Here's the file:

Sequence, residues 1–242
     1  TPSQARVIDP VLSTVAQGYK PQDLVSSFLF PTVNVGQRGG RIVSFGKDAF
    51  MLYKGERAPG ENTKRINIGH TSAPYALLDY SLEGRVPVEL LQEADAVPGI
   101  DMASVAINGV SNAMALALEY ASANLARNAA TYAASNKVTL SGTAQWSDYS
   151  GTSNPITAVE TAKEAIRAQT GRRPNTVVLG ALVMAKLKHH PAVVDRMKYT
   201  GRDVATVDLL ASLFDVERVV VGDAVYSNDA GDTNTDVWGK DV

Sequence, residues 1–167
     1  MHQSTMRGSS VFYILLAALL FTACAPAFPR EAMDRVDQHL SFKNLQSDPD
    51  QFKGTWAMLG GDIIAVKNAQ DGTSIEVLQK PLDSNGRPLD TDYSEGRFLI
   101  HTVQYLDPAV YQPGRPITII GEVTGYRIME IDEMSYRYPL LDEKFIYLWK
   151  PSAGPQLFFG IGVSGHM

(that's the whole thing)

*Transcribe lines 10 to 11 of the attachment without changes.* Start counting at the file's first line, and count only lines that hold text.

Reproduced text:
   101  HTVQYLDPAV YQPGRPITII GEVTGYRIME IDEMSYRYPL LDEKFIYLWK
   151  PSAGPQLFFG IGVSGHM